Boston Korean Diaspora

Korean Society of Boston, photo courtesy of the Korean Church of Boston

This online resource is a result of a joint project between the Center for Global Christianity & Mission at Boston University (CGCM) and East Rock Institute (ERI) in New Haven, Connecticut. The impetus of the project began with a meeting between Dr. Dana Robert, the director of CGCM, and Dr. Ko Hyeseong, the founder and chair of ERI. Realizing they shared many similar research interests, they began to outline a program of research initiatives that would incorporate aspects of Korean Studies, Women’s Studies, Christian diaspora communities, and cultural and regional/area studies. After some deliberation, they developed the parameters of a timely topic: an interdisciplinary, multi-layered study on the Korean diaspora community in Boston, from the first arrivals in the 1920s to 1965 when the pattern of immigration radically changed in the wake of the Immigration and Nationality Act.

These years marked a period where a small yet influential group of Korean intellectuals made their home in the Boston area, drawn as students to the region’s numerous colleges and universities. Many of these scholars were instrumental in creating the institutional structures of Korean culture in the Boston area and beyond. Not only that, a number of them went on to positions of great prominence and impact in the academic and political spheres of developing post-war Korea. The aim of the project, then, is to highlight the various individuals, institutions, and issues during this formative time and place, with the goal of preserving the memory of the period as well as further educating, illuminating, and contributing to the rich heritage of Korean Diaspora Studies.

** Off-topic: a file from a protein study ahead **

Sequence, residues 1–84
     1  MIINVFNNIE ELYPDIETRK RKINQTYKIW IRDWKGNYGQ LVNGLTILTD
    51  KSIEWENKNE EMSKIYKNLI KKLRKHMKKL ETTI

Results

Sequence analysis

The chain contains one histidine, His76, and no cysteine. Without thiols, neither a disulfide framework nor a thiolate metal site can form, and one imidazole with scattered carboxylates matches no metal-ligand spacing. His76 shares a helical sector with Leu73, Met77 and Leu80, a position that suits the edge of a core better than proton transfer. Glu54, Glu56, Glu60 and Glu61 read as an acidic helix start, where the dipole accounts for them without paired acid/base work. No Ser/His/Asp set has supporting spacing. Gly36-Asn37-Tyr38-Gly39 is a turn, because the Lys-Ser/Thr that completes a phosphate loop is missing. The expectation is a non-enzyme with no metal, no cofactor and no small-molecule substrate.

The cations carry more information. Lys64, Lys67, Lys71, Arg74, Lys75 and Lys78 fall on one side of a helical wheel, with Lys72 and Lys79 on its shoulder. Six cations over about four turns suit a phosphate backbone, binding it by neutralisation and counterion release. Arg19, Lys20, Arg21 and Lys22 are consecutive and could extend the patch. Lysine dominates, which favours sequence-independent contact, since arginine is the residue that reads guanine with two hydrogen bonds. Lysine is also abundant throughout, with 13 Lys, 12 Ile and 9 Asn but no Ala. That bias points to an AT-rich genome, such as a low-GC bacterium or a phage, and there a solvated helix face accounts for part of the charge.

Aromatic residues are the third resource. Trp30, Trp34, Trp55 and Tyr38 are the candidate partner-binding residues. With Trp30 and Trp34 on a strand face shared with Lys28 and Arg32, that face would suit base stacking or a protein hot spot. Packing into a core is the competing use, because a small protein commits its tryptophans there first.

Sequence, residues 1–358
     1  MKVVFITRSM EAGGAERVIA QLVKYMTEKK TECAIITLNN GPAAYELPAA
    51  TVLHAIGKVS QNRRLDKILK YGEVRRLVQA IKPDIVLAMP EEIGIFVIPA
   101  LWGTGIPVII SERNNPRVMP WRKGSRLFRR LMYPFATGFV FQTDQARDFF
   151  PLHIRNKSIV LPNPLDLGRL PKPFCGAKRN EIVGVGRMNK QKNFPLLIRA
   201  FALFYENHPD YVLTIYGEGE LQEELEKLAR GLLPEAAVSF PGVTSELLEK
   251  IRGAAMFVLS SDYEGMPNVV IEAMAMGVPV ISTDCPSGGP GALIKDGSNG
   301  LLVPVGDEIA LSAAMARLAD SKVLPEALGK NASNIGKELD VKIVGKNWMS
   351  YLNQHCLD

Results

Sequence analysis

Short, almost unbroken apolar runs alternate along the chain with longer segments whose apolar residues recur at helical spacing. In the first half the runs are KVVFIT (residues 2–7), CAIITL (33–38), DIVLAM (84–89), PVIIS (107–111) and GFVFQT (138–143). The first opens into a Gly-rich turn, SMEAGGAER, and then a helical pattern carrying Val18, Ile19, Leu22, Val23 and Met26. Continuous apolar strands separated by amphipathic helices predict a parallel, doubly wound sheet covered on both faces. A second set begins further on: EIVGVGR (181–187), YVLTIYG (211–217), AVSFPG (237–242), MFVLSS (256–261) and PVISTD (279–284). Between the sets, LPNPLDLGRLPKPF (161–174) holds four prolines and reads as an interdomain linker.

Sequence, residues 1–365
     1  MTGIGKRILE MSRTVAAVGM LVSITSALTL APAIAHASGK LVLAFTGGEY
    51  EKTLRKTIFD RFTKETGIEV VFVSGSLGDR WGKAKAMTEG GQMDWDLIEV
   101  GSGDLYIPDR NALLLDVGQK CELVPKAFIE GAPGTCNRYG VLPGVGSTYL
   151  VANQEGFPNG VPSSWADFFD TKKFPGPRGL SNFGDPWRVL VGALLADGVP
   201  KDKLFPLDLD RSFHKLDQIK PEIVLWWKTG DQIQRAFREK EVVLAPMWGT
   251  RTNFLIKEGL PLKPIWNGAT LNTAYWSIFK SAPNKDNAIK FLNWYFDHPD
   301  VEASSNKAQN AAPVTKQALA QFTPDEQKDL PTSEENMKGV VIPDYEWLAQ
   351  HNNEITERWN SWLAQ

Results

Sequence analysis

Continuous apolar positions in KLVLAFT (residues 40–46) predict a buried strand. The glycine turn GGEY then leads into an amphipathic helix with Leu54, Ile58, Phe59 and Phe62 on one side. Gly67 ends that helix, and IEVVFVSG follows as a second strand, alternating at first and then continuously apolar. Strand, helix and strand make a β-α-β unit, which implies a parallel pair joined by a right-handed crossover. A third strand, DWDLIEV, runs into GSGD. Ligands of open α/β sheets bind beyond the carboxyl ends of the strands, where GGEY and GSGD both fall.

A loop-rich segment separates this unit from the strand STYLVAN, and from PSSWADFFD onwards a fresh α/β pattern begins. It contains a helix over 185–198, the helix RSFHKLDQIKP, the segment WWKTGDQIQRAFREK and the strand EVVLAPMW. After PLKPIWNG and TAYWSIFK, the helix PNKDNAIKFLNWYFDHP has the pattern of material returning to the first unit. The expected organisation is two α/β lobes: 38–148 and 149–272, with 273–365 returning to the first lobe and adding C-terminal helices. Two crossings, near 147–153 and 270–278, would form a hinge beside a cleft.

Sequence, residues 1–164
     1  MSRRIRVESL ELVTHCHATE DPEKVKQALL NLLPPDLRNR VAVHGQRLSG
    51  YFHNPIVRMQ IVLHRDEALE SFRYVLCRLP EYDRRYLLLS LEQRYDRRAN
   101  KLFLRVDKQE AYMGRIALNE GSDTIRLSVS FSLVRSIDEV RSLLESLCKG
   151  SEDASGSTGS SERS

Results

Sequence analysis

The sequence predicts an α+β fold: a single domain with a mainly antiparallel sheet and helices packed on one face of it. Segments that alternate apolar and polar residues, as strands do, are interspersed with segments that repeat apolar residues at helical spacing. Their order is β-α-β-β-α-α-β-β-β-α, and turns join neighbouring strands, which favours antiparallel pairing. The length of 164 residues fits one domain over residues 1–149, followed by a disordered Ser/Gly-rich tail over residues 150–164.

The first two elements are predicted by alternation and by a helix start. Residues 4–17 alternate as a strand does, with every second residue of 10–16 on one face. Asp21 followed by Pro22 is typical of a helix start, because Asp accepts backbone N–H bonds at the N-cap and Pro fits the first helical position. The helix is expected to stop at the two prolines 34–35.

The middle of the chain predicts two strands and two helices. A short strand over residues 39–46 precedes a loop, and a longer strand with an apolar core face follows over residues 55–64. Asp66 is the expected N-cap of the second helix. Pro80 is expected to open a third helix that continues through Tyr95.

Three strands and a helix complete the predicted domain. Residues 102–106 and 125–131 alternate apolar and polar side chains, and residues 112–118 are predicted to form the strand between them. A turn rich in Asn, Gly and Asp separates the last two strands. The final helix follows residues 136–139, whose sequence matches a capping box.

For consistency’s sake, this website has adopted the National Institute of the Korean Language‘s system for transliterating names and places, except when referring to Korean presidents Rhee Syngman and Park Chung-hee, whose romanized spellings are already widely recognized by the public.